The Cha Home
The contemporary Park West neighborhood of Milwaukee used to be a vibrant residential community in the last decade of the nineteenth century. By 1910, Sanborn fire insurance maps show that 19th Street and Cold Spring Avenue were lined with two storied residences . An imposing building housing No. 1-15 District public school stood at the corner of Cold Spring Avenue and 20th Street. Stores, small businesses and vendors along Vliet Street suggested the existence of a vibrant marketplace.
This close-knit urban fabric would be sundered in the late 1950s when urban renewal efforts redefined the layout of this section of town. Old buildings were torn down and large blocks were flattened. During the next two decades plans for new developments were fashionable and desirable, but these changes devastated the local African American residents and their vibrant community was lost forever.
The current layout of this area, now called Park West, clearly shows the impact of this violent disruption — instead of a dense urban grid, organically laid out cul de sacs with ranch homes resembling a typical suburban landscape appears as an alien scene inserted into the surrounding urban grid of Milwaukee’s North Side.
After living in Greenfield for ten years, Blia Cha moved into the Park West area. Her children had moved out and she wanted to downsize. Blia Cha’s 4-bedroom 1088 square feet home sits at the end of the cul de sac, on a 0.28 acres lot. The building was built in 1970 and Cha bought it in 2009. Originally, Cha showed this home to potential buyers as part of her job as a real estate broker working for ACTS Housing. The home was a foreclosure, and she remembers that "everything was rotten." But Cha believed that "it's a good thing that it's messed up, I can have new thing[s]." So Cha and her husband put in a cash offer for the home, and soon were proud homeowners. They put in sweat equity, or personal time and labor, in order to construct a new roof and put in new doors, cabinets, floors and windows. They also made a new garage. The new garage in particular helps the family with storage, because the house does not have a lot of extra space.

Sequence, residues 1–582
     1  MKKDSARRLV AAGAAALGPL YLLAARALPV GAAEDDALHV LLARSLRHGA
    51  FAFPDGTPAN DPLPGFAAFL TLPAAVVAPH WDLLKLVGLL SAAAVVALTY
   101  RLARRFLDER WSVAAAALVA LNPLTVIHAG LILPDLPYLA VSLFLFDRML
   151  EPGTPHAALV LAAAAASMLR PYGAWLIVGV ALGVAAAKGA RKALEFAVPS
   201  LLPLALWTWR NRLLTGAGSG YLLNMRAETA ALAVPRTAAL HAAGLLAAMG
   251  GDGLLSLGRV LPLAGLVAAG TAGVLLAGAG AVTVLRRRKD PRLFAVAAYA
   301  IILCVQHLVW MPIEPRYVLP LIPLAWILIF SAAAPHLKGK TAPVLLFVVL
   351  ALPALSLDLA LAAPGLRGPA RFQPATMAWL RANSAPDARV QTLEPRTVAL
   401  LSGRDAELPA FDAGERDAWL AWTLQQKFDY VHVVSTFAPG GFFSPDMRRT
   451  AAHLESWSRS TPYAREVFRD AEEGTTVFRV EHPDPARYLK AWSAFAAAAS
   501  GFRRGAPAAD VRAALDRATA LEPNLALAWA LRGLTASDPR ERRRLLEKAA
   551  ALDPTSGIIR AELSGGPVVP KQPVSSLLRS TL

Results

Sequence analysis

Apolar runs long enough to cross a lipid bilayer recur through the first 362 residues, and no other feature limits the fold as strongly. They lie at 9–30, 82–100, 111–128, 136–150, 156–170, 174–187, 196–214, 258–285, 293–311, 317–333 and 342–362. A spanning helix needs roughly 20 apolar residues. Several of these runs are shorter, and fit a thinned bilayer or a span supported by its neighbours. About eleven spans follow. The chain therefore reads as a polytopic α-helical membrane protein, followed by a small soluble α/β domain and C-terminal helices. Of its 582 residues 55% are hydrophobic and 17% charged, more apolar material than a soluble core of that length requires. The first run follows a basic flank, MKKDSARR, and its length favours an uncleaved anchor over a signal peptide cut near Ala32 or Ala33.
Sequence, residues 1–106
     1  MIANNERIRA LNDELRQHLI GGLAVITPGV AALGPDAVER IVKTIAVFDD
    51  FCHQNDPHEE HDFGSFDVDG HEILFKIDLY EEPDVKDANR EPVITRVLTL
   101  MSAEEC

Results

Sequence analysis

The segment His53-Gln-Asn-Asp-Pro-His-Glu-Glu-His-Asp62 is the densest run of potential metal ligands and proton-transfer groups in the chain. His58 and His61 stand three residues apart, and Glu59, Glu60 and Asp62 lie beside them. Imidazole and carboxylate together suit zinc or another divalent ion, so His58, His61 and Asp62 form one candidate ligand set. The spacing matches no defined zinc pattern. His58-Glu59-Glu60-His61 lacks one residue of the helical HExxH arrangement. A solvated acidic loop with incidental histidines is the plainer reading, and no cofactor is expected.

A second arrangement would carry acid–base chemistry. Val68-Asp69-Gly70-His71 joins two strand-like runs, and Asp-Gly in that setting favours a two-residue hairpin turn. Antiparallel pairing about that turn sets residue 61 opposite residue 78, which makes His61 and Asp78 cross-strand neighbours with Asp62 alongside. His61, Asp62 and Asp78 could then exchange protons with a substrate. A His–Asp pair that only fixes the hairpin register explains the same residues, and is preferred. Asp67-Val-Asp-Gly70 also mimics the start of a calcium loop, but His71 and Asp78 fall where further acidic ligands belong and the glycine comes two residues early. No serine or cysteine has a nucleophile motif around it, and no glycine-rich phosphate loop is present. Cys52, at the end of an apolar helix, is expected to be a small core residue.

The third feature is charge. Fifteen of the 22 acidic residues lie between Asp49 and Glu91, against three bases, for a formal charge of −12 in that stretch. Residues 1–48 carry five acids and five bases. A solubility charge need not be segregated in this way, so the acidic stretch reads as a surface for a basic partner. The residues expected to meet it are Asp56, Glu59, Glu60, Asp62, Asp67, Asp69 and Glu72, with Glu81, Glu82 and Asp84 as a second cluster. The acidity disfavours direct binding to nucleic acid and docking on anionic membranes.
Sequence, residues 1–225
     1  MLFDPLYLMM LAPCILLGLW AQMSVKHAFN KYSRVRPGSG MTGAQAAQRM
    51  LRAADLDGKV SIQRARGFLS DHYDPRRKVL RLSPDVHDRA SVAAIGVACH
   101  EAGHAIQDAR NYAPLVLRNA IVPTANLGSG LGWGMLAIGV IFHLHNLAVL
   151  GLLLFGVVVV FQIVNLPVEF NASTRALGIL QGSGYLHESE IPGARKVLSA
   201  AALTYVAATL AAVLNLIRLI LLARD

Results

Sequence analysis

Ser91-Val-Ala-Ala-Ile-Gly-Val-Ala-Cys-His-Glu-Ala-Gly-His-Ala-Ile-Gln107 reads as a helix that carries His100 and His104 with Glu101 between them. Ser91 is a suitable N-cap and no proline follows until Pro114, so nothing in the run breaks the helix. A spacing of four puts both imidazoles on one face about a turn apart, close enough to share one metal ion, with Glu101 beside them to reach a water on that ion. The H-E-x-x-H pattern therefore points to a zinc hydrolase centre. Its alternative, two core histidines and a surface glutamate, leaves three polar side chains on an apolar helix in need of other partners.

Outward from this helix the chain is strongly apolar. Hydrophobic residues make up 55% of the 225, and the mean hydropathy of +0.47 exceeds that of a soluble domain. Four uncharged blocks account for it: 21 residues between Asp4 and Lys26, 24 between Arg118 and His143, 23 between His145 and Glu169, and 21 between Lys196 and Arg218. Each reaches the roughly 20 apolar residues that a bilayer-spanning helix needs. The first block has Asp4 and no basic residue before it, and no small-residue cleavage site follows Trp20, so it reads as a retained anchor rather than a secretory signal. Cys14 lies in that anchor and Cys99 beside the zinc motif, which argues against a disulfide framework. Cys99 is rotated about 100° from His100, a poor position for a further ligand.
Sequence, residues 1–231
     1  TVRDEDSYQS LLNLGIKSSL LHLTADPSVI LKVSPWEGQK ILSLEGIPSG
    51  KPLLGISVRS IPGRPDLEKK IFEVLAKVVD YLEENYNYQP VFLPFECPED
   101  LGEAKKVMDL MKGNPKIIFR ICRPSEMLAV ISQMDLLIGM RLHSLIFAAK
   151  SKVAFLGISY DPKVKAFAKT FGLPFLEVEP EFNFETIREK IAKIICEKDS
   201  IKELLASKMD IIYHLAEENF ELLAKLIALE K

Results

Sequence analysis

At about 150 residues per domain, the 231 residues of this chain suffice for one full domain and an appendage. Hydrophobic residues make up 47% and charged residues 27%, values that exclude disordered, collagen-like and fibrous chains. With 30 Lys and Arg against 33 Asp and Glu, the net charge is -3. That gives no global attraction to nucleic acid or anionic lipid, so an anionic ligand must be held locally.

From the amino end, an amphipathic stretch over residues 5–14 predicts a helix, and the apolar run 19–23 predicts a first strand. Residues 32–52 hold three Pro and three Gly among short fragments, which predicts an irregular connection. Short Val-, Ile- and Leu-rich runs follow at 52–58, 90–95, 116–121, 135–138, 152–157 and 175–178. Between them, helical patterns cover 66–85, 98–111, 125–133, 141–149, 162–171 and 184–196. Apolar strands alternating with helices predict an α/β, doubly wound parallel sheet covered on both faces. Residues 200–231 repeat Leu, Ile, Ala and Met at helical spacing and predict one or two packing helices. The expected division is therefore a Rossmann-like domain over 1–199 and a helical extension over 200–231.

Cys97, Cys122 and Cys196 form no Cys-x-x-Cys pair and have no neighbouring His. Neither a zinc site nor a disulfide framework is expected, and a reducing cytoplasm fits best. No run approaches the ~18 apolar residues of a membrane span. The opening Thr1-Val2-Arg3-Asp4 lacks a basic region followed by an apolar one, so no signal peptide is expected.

The ranch-style home looks compact from the outside, but has three bedrooms and two bathrooms. Originally a four bedroom and one bathroom house, Cha combined two of the bedrooms into one very large master bedroom with an en suite. She also decided to repurpose one of the additional bedrooms into an office space. Cha works from home and these changes helped her to adapt the house form in order to accommodate her lifestyle.
The interior of this building gives us a glimpse into the life and memories of its owners. The living room is most notable for the framed pictures placed on almost every available wall space. Family photographs and objects give a distinct character to the home reflecting Cha's rich family history. Interestingly, similar to other Hmong-owned homes in the neighborhood, traditional front/back, public/private layout is inverted. The front door is rarely use. It is blocked permanently by a coat rack and a curtain. Visitors to enter this house through the more private back entry.
Cha and her husband are committed to making their cul de sac safe, habitable and beautiful. Soon after she settled here, Cha bought the house next door when it went into foreclosure. She explains that she was worried that the house would become a problem or remain unoccupied if she didn’t act. Their daughter moved into the new place. Across the street was another foreclosure and Cha tracked down the owner and bought this home too. Her son lives there now. Cha wants to protect her block, turn this locality into one where she feels safe and content. She had moved from a neighborhood where no one talked to each other, and this time she decided to make this a close knit community of friends and family.
Cha is very proud of her garden. She has planted new garden beds behind her home as well as in her daughters backyard. She spends almost all her free time working in her garden. She gives her garden's produce to her neighbors in order to make friends and to share with them, what she has to offer.
Ground Level Floor plan
Exterior images of home and garden
Map of the neighborhood then and now